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Europeans Demand Tighter Sanctions on Myanmar Regime

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Europeans Demand Tighter Sanctions on Myanmar Regime

By ALAN COWELL
Published: August 11, 2009
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PARIS — Within moments of the sentencing of Myanmar’s pro-democracy leader, Daw Aung San Suu Kyi, to an effective 18 months house arrest on Tuesday, European governments demanded her immediate and unconditional release, threatening stricter sanctions against the military regime there to restrict arms supplies and curb its trade with the outside world.

The European Union demanded her freedom in a statement issued by Sweden, which currently holds the rotating presidency of the 27-nation body. In a statement, the body said it was ready to impose “targeted measures against those responsible for the verdict” and to stiffen some earlier measures, including an arms export ban, visa restrictions and financial sanctions.

In many parts of the world, her trial has been followed closely and her cause has been embraced by a broad range of politicians and human rights advocates.

“Citizens across the globe are asking world leaders to hold this brutal regime to account,” said Ricken Patel, director of an online campaign network called Avaaz.org. “Aung San Suu Kyi ’s detention today on spurious charges removes any shred of legitimacy.”

Irene Khan, the Secretary General of Amnesty International, said in a statement in London that, while the Myanmar authorities “will hope that a sentence that is shorter than the maximum will be seen by the international community as an act of leniency”, it “must not be seen as such.”

Mrs. Aung San Suu Kyi “should never have been arrested in the first place. The only issue here is her immediate and unconditional release,” Ms. Khan said.

It was not immediately clear how Myanmar’s Asian neighbors would react. Asian nations generally react cautiously to events in Myanmar, though they do sometimes offer critical comments. Analysts said that, in this instance, they may be willing to accept Myanmar’s protestations of leniency.

President Nicolas Sarkozy of France, however, called the sentencing “brutal and unjust” and said European sanctions should target profitable industries including timber and ruby mining. The French foreign minister, Bernard Kouchner, said in a statement the European Union should impose new sanctions aimed at the Myanmar leadership “and sparing the civilian population, which we should continue to protect and assist.”

In Britain, Prime Minister Gordon Brown said he was “saddened and angry” at her sentencing and said it was designed by the ruling military leaders of Myanmar, formerly known as Burma, to keep her out of elections next year.

In a statement, he said: “It is further proof that the military regime in Burma is determined to act with total disregard for accepted standards of the rule of law in defiance of international opinion.”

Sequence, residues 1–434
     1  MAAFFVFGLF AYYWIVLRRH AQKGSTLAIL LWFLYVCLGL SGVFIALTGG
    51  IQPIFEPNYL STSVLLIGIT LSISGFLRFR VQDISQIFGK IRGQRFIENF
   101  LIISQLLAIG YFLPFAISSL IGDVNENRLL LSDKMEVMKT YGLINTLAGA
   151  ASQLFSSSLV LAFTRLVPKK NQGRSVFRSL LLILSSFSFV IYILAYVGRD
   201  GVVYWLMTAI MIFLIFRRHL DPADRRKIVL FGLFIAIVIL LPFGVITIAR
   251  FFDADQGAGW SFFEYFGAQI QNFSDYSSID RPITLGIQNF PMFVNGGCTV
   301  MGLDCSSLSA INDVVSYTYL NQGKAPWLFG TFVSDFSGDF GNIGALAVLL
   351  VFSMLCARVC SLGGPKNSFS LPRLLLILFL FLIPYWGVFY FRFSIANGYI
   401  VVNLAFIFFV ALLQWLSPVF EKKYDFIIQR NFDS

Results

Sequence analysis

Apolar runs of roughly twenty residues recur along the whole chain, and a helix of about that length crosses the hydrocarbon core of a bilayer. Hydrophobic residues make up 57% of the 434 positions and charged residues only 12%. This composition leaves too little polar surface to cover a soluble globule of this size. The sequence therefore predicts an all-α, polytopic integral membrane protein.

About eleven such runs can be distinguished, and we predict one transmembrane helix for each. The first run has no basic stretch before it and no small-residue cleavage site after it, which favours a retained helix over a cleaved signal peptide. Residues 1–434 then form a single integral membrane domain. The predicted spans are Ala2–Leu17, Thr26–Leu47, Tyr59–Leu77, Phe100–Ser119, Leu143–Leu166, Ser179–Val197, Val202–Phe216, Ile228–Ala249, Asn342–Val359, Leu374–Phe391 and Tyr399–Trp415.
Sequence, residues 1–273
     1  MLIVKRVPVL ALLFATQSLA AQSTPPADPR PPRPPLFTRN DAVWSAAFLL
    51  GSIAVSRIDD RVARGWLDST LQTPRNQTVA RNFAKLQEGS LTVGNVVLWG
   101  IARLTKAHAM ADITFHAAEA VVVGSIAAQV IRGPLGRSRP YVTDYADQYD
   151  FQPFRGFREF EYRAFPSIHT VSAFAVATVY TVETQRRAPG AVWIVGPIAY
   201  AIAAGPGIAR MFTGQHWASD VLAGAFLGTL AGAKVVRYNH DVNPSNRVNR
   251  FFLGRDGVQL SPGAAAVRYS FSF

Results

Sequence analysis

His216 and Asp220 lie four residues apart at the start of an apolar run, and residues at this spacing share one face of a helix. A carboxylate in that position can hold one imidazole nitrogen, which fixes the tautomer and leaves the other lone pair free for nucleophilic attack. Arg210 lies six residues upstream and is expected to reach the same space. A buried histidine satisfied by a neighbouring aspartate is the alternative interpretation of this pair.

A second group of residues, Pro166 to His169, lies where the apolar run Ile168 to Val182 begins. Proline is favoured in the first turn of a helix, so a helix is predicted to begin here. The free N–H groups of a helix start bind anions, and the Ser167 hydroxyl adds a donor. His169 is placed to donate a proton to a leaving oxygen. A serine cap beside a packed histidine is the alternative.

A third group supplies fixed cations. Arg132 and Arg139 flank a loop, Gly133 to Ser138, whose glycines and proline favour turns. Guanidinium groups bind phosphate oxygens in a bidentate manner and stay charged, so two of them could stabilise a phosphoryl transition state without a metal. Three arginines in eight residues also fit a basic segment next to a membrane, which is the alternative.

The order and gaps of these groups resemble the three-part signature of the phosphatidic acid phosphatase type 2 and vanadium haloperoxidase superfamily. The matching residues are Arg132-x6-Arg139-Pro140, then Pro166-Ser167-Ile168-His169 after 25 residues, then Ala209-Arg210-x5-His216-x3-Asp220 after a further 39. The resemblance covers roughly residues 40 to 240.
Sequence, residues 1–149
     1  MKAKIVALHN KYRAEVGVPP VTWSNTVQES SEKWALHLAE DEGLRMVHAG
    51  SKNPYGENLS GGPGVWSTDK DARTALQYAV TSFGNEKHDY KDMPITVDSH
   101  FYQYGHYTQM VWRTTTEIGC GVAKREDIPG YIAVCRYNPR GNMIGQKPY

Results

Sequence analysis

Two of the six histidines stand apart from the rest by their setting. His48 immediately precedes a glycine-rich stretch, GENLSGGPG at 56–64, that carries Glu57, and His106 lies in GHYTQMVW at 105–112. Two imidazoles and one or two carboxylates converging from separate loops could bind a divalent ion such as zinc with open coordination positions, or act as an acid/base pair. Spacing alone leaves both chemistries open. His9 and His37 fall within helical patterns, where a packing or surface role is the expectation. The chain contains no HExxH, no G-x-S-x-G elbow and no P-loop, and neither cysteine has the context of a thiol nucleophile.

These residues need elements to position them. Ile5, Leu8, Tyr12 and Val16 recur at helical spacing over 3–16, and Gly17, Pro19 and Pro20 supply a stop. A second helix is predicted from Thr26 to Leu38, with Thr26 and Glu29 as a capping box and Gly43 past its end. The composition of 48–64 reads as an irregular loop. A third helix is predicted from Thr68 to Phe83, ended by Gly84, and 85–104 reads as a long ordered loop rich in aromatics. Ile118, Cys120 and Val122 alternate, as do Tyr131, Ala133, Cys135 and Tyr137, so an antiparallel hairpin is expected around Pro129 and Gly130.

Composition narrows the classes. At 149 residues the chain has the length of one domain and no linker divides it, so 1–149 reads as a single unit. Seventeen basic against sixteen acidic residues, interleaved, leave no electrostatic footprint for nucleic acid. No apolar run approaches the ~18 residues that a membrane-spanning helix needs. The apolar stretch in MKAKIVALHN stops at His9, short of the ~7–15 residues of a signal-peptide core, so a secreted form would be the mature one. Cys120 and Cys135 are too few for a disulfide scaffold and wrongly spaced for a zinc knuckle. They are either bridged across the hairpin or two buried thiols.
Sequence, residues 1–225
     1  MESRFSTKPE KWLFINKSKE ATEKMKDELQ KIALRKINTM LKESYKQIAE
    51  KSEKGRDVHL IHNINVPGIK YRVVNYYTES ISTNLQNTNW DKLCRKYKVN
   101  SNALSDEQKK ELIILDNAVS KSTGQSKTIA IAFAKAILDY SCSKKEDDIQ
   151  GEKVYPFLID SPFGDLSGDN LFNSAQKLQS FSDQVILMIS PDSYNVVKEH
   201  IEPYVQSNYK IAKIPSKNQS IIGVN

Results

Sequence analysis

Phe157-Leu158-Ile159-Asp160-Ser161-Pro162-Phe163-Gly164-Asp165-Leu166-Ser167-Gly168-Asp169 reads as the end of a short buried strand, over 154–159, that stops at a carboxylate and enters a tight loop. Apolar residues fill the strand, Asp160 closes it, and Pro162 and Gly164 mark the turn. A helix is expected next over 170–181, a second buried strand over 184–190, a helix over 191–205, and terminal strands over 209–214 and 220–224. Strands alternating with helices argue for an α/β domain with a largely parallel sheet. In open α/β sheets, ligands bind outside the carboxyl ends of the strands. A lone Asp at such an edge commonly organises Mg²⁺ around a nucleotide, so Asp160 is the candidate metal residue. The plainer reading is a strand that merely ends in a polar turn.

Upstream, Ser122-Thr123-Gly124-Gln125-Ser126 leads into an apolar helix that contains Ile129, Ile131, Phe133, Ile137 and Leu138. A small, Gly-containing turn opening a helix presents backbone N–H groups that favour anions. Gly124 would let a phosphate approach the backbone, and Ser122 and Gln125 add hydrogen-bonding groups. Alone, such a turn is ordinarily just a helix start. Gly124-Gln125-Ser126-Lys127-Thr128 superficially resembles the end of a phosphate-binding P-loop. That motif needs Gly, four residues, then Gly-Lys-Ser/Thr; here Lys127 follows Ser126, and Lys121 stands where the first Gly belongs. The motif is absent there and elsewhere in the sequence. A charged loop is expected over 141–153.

Calling on the United Nations Security Council to impose a global prohibition on arms sales, he added: “The facade of her prosecution is made more monstrous because its real objective is to sever her bond with the people for whom she is a beacon of hope and resistance.” France also called for an arms embargo.

The American response was likely to express similar outrage, and it seemed unlikely that the military’s decision to commute her sentence from an initial three years hard labor would soften western perceptions that the trial had been a political maneuver.

The Obama administration has been reviewing American policy toward Myanmar since February, when Secretary of State Hillary Rodham Clinton declared that the existing sanctions against its military-run government had been ineffective.

At a meeting of the Association of South East Asian nations in Thailand last month, Mrs. Clinton spoke in unusually detailed terms in discussing the country’s human rights record and its treatment of Mrs. Aung San Suu Kyi.

“We are deeply concerned by the reports of continuing human rights abuses within Burma,” she said at the time, “and particularly by actions that are attributed to the Burmese military, concerning the mistreatment and abuse of young girls.”

She also dismissed the charges against Mrs. Aung San Suu Kyi as ”baseless and totally unacceptable” and said an improvement of ties with Washington depended on the Myanmar junta’s handling of human rights issues.

”Our position is that we are willing to have a more productive partnership with Burma if they take steps that are self-evident,” she said.

Seth Mydans contributed reporting from Bangkok, and Steven Erlanger from Paris.

http://www.nytimes.com/2009/08/12/world/asia/12reax.html

Written by Lwin Aung Soe

August 11, 2009 at 12:58 pm

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